NEW YORK (Reuters) - New Jersey received the bonus details it demanded from American International Group and will probe whether the insurer, kept afloat with billions of taxpayer dollars, made misleading statements, a spokesman for the state attorney general said on Thursday.
“We are investigating whether there are any misstatements and unconscionable business practices,” said David Wald, a spokesman for New Jersey Attorney General Anne Milgram.
Any such wrongdoing might fall under the state’s consumer fraud laws. “It’s a very broad act,” Wald said.
He was unable to say what penalties may be triggered if wrongdoing is established.
The insurer’s decision to pay $165 million in bonuses set off a national furor because it stands to receive as much as $180 billion in public money.
The federal government’s drive to claw back executive bonuses appears to have eased, at least for now, which has pushed the states’ probes into the foreground of the bonus battle.
New Jersey, leading a 19-state coalition investigating AIG’s bonuses, is cooperating with New York Attorney General Andrew Cuomo. Cuomo’s separate probe has spurred some of the insurer’s executives to return their bonuses.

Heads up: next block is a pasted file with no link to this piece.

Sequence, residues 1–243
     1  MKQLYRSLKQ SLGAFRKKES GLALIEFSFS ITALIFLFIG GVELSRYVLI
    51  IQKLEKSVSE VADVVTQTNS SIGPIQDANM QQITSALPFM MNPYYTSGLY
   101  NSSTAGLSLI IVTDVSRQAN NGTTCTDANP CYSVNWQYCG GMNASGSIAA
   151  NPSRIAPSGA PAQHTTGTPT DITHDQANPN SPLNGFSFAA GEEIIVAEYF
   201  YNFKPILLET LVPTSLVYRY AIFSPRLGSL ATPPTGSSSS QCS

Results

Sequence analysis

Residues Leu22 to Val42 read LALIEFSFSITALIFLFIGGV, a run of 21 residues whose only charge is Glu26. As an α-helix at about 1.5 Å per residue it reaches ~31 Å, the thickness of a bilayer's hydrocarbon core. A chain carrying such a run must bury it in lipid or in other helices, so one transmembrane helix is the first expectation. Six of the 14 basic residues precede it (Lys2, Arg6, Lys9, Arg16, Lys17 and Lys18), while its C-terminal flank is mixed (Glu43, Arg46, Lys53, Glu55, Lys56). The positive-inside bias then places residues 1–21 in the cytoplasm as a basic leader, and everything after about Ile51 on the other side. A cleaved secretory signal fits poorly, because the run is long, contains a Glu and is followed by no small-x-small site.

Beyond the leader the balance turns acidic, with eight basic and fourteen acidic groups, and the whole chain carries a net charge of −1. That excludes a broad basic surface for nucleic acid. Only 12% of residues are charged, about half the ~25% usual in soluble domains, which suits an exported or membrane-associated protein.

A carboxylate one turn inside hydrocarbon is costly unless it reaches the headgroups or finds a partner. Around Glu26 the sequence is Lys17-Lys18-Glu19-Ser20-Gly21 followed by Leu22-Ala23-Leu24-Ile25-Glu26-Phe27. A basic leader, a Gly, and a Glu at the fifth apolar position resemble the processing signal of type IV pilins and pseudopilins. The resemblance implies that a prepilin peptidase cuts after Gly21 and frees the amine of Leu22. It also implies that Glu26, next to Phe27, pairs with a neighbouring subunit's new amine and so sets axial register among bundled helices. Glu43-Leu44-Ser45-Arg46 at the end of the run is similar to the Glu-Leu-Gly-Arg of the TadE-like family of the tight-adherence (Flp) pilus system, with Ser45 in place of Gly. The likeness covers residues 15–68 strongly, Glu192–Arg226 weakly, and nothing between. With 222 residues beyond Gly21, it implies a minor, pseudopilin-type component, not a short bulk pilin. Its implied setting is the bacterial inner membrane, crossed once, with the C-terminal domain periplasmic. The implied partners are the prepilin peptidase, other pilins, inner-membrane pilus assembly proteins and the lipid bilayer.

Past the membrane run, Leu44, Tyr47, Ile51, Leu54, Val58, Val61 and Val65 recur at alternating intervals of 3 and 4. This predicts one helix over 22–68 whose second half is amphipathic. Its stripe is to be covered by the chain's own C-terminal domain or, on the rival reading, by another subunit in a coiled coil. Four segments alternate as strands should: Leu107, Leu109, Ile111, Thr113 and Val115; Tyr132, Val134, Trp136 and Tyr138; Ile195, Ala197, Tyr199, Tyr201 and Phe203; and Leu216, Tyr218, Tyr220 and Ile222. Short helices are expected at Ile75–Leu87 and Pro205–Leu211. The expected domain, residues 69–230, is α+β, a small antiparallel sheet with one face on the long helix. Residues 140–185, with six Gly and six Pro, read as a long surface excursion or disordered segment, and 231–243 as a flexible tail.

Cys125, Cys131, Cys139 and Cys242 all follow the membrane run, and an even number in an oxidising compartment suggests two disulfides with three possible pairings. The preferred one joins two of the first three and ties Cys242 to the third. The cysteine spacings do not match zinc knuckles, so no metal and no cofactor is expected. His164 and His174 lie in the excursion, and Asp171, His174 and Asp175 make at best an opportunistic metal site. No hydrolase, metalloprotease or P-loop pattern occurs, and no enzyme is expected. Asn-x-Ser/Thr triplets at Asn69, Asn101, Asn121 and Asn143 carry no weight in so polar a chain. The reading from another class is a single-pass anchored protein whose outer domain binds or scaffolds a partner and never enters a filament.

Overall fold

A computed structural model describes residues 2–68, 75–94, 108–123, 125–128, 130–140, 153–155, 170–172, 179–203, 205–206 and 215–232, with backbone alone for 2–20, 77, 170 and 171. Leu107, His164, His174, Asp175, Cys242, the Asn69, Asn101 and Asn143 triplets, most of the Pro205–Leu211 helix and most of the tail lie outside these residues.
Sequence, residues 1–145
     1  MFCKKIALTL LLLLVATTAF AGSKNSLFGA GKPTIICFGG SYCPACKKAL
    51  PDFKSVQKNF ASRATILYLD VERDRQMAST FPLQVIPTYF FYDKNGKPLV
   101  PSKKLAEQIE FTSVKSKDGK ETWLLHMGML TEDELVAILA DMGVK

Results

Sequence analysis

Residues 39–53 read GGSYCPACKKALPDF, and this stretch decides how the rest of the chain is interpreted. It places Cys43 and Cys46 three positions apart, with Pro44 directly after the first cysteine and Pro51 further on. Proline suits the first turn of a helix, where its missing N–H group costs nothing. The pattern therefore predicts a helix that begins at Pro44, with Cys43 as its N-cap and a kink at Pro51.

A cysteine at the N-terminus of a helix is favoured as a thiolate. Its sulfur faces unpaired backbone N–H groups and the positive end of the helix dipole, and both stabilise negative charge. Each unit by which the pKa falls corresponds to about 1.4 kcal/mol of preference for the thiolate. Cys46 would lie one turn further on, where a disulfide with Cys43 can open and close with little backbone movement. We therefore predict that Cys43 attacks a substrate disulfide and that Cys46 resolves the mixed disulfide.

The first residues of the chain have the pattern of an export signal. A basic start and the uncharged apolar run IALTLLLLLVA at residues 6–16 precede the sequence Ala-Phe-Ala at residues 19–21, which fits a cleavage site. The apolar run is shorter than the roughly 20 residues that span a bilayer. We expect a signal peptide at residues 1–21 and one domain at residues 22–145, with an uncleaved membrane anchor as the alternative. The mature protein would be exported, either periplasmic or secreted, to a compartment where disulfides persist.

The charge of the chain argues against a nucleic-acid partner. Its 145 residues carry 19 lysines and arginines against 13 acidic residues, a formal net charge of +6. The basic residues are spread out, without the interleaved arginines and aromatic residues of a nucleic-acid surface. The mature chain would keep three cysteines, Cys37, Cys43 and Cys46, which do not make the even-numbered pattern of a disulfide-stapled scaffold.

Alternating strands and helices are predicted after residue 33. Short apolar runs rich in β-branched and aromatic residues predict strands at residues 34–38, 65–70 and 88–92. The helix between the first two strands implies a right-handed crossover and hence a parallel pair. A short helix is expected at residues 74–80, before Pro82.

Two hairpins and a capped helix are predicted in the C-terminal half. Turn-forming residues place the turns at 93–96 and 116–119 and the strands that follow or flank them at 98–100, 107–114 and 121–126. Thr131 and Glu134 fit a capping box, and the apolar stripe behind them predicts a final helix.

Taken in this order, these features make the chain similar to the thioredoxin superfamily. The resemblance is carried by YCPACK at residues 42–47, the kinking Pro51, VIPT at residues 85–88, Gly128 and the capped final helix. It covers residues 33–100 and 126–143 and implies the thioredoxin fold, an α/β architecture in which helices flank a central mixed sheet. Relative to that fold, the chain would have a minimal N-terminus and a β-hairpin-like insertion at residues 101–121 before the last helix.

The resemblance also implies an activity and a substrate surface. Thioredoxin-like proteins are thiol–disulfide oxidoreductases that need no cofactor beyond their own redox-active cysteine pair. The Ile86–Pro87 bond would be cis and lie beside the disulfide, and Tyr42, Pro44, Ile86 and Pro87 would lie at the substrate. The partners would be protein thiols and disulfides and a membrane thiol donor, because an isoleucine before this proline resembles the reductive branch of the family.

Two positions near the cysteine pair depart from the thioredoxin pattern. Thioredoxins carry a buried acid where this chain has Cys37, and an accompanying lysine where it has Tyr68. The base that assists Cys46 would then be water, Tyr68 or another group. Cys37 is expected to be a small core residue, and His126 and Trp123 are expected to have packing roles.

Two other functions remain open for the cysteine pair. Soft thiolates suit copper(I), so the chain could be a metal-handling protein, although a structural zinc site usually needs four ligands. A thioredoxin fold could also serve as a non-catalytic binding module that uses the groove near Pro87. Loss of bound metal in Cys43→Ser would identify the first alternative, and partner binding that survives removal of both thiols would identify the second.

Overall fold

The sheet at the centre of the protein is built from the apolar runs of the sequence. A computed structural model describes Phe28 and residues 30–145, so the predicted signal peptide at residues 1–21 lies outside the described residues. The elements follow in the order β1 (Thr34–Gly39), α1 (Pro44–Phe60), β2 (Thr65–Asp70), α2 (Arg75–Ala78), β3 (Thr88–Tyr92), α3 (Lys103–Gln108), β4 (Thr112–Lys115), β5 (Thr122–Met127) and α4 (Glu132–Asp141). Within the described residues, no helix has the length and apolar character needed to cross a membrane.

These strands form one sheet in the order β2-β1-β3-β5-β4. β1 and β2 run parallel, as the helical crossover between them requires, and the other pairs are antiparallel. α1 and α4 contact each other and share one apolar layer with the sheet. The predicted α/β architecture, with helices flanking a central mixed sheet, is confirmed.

On Thursday, Cuomo was set to expand his inquiry by issuing subpoenas seeking information about AIG’s use of credit default swaps, a source familiar with the matter said.
New Jersey did not receive the names of the AIG executives who were paid bonuses, Wald said.
While AIG has also given Connecticut Republican Governor Jodi Rell similar information about its executive pay-outs, it has withheld these details from the state’s Democratic Attorney General, Richard Blumenthal.
Reporting by Joan Gralla; Additional reporting by Grant McCool and Ted Lorson in Hartford, Connecticut; Editing by Chizu Nomiyama